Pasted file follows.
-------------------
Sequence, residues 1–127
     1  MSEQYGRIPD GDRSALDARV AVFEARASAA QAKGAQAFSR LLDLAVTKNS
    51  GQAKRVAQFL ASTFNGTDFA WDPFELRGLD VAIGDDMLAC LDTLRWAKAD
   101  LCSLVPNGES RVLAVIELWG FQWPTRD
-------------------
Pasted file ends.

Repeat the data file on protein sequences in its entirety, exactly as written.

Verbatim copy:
Sequence, residues 1–127
     1  MSEQYGRIPD GDRSALDARV AVFEARASAA QAKGAQAFSR LLDLAVTKNS
    51  GQAKRVAQFL ASTFNGTDFA WDPFELRGLD VAIGDDMLAC LDTLRWAKAD
   101  LCSLVPNGES RVLAVIELWG FQWPTRD